The scale of the climate challenge facing humanity cannot be underestimated. Large areas of our world are already experiencing man-made climate change, including in Europe.
Rich industrialised countries are responsible for the vast majority of climate-changing emissions already in the atmosphere. For this reason we believe they must be the ones to act first and fastest to combat climate change.
Developed countries must live up to their historical, moral and legal responsibility by making urgent and deep emission cuts in greenhouse gas emissions at home. For Europe this means cuts of at least 40 per cent by 2020 (based on 1990 levels), without offsetting. This is the minimum level science and historical responsibility tell us is necessary to avoid catastrophic climate change.
They must also provide adequate and appropriate finances and transfer of clean technology for developing countries to repay their 'climate debt'.
We believe that the best way to achieve these urgently needed cuts in emissions is to set annual reduction targets, by law. Short-term targets make today's politicians accountable and put pressure on them to actually deliver. Often politicians at national level avoid legislation to combat climate change as they are fearful of the impact on their own political popularity or of short-term economic impacts. With annual targets they are committed to deliver within their period in government and cannot blame previous administrations for failures to cut emissions.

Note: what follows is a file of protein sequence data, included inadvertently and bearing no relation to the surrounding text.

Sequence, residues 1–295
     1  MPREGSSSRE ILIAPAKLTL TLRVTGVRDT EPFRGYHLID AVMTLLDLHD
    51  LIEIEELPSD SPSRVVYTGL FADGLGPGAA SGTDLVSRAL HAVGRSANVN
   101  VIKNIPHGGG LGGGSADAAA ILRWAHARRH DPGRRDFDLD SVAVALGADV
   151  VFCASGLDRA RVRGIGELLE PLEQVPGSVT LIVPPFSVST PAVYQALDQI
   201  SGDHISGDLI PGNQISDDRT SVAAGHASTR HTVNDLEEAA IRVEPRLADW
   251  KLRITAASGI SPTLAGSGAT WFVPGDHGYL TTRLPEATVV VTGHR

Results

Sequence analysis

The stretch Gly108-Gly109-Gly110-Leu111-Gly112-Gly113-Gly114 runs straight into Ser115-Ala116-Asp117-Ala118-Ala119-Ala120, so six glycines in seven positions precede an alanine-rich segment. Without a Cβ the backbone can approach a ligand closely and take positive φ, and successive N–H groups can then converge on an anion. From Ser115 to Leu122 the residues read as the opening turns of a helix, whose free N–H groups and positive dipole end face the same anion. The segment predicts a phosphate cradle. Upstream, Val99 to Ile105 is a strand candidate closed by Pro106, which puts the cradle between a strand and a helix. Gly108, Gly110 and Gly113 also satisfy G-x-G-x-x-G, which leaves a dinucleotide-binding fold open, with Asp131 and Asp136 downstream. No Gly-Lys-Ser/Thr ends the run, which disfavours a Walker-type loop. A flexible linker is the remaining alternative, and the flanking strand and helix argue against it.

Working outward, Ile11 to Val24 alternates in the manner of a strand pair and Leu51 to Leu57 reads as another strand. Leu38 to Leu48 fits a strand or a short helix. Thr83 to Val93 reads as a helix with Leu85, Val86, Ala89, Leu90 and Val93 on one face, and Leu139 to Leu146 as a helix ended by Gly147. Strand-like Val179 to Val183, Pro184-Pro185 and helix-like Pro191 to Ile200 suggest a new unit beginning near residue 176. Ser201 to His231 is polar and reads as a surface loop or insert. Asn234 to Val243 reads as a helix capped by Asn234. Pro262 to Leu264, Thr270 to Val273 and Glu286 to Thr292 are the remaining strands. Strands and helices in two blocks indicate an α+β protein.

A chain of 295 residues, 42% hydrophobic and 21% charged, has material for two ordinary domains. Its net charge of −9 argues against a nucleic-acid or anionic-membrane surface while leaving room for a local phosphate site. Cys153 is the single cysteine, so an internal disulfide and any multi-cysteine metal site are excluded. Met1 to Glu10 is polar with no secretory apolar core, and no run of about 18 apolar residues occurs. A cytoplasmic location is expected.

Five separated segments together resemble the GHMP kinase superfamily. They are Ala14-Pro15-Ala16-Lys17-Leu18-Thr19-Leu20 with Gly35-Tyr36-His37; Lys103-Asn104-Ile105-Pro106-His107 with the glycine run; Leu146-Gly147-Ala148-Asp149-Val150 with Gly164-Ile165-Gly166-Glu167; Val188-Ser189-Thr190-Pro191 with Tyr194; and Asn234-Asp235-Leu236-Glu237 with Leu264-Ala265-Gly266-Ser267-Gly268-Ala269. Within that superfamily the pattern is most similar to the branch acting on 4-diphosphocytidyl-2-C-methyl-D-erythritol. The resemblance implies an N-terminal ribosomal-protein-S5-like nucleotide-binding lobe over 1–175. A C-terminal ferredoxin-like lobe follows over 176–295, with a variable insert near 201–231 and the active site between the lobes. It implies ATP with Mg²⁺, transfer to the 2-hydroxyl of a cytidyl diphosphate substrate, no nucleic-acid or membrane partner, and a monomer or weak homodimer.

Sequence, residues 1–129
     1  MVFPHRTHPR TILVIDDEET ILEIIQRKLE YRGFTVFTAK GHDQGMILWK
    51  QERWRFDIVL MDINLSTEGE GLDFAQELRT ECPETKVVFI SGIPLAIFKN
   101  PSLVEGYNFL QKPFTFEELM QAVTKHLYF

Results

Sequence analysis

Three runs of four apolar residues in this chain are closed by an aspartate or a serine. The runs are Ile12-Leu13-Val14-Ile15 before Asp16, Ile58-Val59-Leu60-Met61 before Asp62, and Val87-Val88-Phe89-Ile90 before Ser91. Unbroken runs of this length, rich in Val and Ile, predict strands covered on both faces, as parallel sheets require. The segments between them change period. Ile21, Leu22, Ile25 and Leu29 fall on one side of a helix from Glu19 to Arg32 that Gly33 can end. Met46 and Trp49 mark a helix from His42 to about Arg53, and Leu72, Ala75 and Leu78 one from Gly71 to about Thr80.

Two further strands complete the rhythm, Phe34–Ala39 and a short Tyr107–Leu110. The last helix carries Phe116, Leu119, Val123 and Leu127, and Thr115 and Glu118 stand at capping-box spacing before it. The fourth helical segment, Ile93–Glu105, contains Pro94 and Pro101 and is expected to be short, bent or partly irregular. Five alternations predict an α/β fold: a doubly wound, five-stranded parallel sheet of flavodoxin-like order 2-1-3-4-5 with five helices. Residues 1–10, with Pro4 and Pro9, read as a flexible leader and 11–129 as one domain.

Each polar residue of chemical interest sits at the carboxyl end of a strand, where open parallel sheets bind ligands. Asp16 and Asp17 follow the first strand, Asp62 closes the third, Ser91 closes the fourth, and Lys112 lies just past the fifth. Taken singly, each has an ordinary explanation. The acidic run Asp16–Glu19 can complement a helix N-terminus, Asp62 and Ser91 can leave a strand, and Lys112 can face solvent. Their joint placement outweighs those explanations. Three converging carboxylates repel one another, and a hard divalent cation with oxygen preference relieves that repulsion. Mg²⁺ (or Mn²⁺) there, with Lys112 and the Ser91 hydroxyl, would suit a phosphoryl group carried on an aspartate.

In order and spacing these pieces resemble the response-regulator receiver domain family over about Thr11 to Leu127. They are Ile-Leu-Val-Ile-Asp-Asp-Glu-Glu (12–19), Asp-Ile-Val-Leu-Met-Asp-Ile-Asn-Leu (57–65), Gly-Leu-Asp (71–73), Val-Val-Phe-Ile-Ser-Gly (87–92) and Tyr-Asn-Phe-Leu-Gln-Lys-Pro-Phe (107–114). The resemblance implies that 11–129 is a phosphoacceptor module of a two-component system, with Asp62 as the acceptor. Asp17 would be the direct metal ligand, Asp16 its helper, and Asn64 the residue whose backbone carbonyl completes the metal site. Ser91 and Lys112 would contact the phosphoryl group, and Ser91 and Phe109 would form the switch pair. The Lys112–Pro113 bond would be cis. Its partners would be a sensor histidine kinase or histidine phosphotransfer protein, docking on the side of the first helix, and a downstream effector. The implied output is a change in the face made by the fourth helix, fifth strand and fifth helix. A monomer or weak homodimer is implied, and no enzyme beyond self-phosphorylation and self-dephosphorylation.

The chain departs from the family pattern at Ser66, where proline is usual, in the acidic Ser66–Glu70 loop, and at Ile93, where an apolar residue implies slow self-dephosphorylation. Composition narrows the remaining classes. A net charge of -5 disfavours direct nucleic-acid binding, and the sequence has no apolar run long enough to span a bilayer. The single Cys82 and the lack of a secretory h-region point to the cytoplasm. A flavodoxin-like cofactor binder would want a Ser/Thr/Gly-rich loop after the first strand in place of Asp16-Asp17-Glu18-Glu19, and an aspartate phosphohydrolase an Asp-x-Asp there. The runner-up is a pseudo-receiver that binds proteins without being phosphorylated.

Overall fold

Annual targets make it easier to measure progress towards medium and long-term emission reductions. They ensure these cuts start happening rapidly enough. Annual targets also create a positive and stable context allowing long-term planning and investment.
The Big Ask campaign was launched in 18 countries across Europe in February 2008.
It was inspired by the United Kingdom, where, following a campaign by Friends of the Earth, the government adopted a Climate Change Law that will cut greenhouse gases by 80 per cent by 2050. The law is a massive victory for everyone who took part and pressured the UK government to commit to legally binding emissions reductions.
This victory was followed by success for the Big Ask campaign in Scotland. In June 2009 the Scottish parliament adopted a climate change law with targets for 42 per cent emission cuts by 2020 – this is the toughest statutory target in the industrialised world.
The success of the Big Ask campaign proves the difference individuals can make when they put pressure on politicians to act against climate change.
The Big Ask is engaging hundreds of thousands of people across Europe and empowering them to influence the climate policies of national governments and the European Union.